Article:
Honda Insight ConceptHonda has been promising to unveil its new hybrid all week, and today, they’ve done it: the company is resurrecting its original hybrid, the Insight, which died a small death only two years ago. The new version will be a five-door, five-passenger hatchback like the Prius, with a similar starting price in the low $20,000s.

The new car looks more like a Civic or hydrogen-powered FCX Clarity and less like the old Insight, with its covered rear wheels and flat Kamm tail. Though the original only sold 17,000 units between 1999 and 2006, it was the first car to break the 70 mpg barrier. Honda expects the new Insight to sell much better, to the tune of 200,000 cars worldwide, half of which will end up in American driveways. The concept will debut at the Paris auto show, October 4-19, 2008, and be available in U.S. showrooms by April 2009.

Honda already has a hybrid version of the Civic, but the Insight will be smaller and lighter. The company also has plans to add a hybrid Fit to the lineup sometime in the future, along with a sporty hybrid based on the CR-Z.

Inifiti Hybrid Prototype

Three of Japan’s largest car manufacturers have all made announcements recently about their future hybrid plans. Here’s a quick recap, in order of each hybrid’s expected release date:

April 2009 — Honda’s Hybrid

Honda’s Prius-fighting five-door hybrid-only model will see showroom floors next April, according to the company’s American executive VP Dick Colliver. He also said the new hybrid, which doesn’t have an official name yet, will be cheaper than the Prius. Honda plans to build 200,000 of the car globally, with about half of them to be sold in the U.S.

Sometime in 2010 — Nissan’s Hybrid

The first car to carry Nissan’s in-house hybrid technology (its previous hybrids used a system leased from Toyota) will be badged as an upscale Inifiti. The new hybrid features a lithium-ion battery and a V6 engine, but Nissan engineers say there are still some kinks to be worked out before the car hits the streets, notably a lag when the gasoline engine kicked in.

By 2020 — Toyota’s Full Line of Hybrids

The manager of Toyota’s advance powertrain program said at a seminar recently that the company plans to have hybrids in each of its product lines at the end of the next decade. He added that the 1 million hybrid Toyotas sold so far have saved 7 million tons of carbon monoxide emissions, and that the company wants to continue to develop cleaner powertrains. Toyota’s also working to develop hydrogen fuel cell technology to complement its domination in the hybrid market.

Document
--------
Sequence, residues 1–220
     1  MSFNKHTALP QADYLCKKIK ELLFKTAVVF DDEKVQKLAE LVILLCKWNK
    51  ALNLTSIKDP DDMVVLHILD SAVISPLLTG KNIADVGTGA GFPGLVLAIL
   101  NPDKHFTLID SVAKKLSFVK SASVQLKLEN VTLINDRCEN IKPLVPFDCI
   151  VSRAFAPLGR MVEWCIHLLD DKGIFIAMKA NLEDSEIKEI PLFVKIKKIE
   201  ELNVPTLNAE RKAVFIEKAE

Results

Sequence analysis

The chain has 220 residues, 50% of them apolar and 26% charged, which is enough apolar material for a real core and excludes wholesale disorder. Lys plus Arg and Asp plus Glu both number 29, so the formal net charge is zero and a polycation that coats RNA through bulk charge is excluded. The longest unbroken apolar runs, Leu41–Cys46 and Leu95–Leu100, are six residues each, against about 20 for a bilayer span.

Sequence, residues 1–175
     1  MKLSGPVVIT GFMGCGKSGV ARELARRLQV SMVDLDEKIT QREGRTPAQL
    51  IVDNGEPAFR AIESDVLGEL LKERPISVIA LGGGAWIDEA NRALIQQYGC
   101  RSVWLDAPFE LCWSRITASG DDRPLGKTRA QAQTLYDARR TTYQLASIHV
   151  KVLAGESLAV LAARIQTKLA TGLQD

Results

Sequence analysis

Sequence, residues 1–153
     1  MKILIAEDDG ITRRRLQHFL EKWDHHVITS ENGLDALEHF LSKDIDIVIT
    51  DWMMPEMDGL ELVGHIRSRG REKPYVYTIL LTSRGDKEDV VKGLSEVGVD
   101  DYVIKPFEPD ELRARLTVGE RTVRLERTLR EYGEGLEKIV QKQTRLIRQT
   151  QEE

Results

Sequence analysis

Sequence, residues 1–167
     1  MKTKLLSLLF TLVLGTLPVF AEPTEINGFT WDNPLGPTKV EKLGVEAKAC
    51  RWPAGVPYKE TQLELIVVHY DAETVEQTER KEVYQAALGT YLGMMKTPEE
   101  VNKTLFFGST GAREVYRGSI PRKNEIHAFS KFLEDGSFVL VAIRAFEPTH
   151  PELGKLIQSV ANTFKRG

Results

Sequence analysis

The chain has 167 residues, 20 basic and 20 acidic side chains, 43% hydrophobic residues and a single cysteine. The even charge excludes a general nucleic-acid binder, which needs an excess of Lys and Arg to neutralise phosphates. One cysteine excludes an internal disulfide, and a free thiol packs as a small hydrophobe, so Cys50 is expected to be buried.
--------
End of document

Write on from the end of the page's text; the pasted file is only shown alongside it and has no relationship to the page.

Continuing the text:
Honda and Mitsubishi have both launched microsites on the Internet dedicated to their latest entries into the green-car market. Honda is preparing the world for its line of hybrid vehicles on its microsite, while Mitsubishi is laying the groundwork for its i MiEV concept.

Honda is expected to debut its new hybrid at the Los Angeles Auto Show in November, a five-door hatchback. The as-yet-unnamed car will be offered only as a hybrid, unlike its Civic and Accord stablemates. Honda also has a hybrid sports car that debuted at the Detroit Auto Show this year, but the CR-Z, as it’s called, has a long way to go to get from car shows to showroom-floor.

Mitsubishi’s microsite introduces the i MiEV, an electric vehicle currently in fleet testing. The car is small, not much bigger than a Smart ForTwo, though Mitsu says it seats four. The car’s lithium-ion batteries are good for 80 mph max and nearly 100 miles, making it a more feasible commuter car than neighborhood EVs like the Zap Xebra or Zenn NEV.

CRAFTY BONUS: Mitsubishi has a page full of paper craft plans and instructions for building models of its cars, including the i MiEV. Seems like an excellent way to recycle that useless meeting agenda someone left on your desk this morning.